[FOM] CFP: 2008 AAAI Symposium on Automated Scientific Discovery

Andrew Shilliday andrewshilliday at gmail.com
Thu Apr 17 10:43:59 EDT 2008

There is a long and fascinating history of humankind's endeavor to
explain and, with the advent of AI, ultimately mechanize the
overarching processes that lead to scientific discoveries. Over the
past 60 years, AI researchers have produced systems which have
generated novel and interesting conjectures (some which have spawned
new scientific research areas), and invented increasingly efficient
techniques to prove or refute them.

Nevertheless, the sobering fact remains that such advances fall short
of approaching the creativity and innovation of even amateur
scientists.  We believe that AI is ripe for revolutionary progress in
automated and semi-automated scientific discovery, in no small part
because the field now has on hand systems that mark advances in
various *parts* of discovery---parts that, when interconnected, may
make for exciting new systems.  We also believe that dialogue between
researchers behind these systems will lead to a new generation of
powerful AI discovery systems.

This symposium will survey the newest and most exciting developments
in systems that cover some aspects of the entire process of scientific
discovery (including, e.g, representation, exploration, conjecture
generation, validation, and publishing/reporting).  Of particular
interest is how the current technologies can fit together to form an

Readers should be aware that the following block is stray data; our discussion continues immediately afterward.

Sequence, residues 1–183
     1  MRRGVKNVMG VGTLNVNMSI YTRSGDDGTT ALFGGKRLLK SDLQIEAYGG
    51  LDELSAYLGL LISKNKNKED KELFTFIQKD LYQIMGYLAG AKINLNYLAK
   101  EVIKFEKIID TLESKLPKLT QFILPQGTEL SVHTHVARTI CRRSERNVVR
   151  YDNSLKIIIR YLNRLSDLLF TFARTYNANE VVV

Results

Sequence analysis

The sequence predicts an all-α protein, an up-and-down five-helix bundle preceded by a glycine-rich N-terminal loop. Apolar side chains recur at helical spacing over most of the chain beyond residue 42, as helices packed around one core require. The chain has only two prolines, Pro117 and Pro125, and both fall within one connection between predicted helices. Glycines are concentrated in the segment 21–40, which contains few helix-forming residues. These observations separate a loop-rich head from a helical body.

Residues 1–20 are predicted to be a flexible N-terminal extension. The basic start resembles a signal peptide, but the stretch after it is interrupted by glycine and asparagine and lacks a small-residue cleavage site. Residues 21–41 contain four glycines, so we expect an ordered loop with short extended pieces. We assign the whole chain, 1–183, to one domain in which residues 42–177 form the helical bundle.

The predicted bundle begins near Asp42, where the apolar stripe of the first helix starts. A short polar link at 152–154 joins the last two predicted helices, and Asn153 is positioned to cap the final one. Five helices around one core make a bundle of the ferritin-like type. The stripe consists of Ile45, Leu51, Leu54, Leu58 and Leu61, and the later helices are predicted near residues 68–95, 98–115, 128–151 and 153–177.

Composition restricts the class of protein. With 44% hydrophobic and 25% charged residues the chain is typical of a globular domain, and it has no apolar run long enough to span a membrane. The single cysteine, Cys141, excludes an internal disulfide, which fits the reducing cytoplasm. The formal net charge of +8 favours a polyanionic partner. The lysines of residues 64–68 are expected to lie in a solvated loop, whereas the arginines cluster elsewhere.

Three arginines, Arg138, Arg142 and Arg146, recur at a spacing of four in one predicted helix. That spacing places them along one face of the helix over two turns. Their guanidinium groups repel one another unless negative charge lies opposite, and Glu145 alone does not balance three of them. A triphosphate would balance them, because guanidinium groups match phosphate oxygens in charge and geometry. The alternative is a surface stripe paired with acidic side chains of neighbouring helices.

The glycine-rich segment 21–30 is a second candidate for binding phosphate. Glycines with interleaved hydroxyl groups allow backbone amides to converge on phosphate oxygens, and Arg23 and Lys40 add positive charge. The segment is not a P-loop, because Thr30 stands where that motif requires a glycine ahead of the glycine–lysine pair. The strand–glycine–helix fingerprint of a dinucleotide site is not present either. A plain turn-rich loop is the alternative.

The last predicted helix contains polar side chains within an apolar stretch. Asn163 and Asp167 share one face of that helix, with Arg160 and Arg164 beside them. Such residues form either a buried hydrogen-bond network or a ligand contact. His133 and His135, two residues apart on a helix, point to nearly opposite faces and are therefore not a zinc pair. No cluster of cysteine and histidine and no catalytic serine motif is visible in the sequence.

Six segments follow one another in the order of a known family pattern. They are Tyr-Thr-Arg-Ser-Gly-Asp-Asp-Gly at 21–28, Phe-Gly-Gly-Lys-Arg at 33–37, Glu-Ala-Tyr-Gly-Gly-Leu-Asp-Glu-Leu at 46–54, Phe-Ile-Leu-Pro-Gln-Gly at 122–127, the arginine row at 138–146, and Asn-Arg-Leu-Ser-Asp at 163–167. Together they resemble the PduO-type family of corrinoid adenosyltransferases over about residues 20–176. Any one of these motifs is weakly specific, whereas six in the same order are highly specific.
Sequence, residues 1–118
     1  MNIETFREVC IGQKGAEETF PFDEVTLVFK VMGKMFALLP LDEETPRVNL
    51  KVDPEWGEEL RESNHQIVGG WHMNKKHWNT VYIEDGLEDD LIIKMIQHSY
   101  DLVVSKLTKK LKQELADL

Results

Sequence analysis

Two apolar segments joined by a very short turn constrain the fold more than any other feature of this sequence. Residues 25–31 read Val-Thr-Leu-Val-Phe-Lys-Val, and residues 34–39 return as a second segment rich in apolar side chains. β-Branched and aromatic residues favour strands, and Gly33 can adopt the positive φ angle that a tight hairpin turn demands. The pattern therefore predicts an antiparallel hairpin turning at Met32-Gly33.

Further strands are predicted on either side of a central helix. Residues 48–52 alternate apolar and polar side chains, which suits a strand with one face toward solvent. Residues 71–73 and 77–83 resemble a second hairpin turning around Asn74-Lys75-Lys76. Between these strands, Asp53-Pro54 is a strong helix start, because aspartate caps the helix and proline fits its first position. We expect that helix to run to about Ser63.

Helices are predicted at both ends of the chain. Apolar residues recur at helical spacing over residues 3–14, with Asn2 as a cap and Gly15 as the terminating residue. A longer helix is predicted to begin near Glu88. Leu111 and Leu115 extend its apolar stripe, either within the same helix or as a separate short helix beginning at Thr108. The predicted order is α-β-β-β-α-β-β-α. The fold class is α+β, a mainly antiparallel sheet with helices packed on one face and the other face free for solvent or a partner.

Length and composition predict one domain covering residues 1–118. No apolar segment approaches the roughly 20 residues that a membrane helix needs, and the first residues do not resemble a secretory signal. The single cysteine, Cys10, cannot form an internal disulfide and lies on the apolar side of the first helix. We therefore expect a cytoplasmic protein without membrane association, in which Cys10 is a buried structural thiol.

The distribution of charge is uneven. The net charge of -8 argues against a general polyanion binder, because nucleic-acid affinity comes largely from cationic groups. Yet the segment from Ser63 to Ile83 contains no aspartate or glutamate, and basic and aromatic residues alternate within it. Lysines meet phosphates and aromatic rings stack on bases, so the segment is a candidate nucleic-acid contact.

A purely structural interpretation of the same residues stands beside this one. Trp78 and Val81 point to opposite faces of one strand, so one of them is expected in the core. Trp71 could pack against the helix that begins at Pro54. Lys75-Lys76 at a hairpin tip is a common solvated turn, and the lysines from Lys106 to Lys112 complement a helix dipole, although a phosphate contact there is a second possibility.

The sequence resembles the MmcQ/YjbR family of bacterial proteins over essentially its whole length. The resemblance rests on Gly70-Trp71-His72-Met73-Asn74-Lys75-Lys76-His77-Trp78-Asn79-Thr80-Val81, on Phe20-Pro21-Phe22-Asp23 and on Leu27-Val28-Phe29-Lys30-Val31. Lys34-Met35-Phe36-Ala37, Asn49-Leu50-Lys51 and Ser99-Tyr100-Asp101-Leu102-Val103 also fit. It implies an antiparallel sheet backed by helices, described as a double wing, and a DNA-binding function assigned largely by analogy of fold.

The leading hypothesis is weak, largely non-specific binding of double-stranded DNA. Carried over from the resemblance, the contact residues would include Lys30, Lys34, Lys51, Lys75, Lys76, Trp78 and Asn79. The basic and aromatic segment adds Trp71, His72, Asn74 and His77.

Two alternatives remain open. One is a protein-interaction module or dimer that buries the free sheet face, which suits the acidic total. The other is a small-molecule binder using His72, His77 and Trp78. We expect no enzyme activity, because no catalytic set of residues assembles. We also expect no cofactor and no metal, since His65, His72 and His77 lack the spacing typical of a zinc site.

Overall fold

environment that augments human reasoner's vision and reach, and what
goals should be set in order to move closer to the complete
mechanization of general scientific discovery---or at least closer to
machines operating as intelligent assistants in the search for new

Topics of interest include, but are not limited to:

* Given progress on multiple fronts relevant to scientific discovery,
can *comprehensive* or *multi-faceted* discovery systems be developed?

* What role does/should knowledge, knowledge-based systems, and the
semantic web, play in the development of AI discovery systems?

* Systems for human-machine collaborative discovery, and educational
aids in discover and problem solving.

* Can architectures for carefully describing, in computational terms,
the overall process of scientific discovery be devised?

* What role can the cognitive science of discovery (creativity,
invention, etc.) play in AI's quest for discovery systems?


We invite submissions for papers that introduce new research
developments, directions, frameworks, results, etc. in these and
related areas.  Potential participants may submit full papers (up to 8
pages in length) or short papers (1-2 pages in length) by May 20, 2008
sent electronically to shilla at cs.rpi.edu or selmer at rpi.edu. We are not
actively seeking opinion papers, but will consider all submissions.

Important Dates

Paper submission: May 20, 2008
Notification of acceptance: June 6, 2008
Camera ready papers: September 12, 2008

Organizing Committee

Andrew Shilliday (co-chair), Rensselaer Polytechnic Institute; Selmer
Bringsjord (co-chair), Rensselaer Polytechnic Institute; Alan Bundy,
University of Edinburgh; Simon Colton, Imperial College London; Doug
Lenat, Cycorp.

For additional information, pleas consult the supplementary symposium
web site at http://www.cogsci.rpi.edu/conferences/AAAI/FallSymposium2008/

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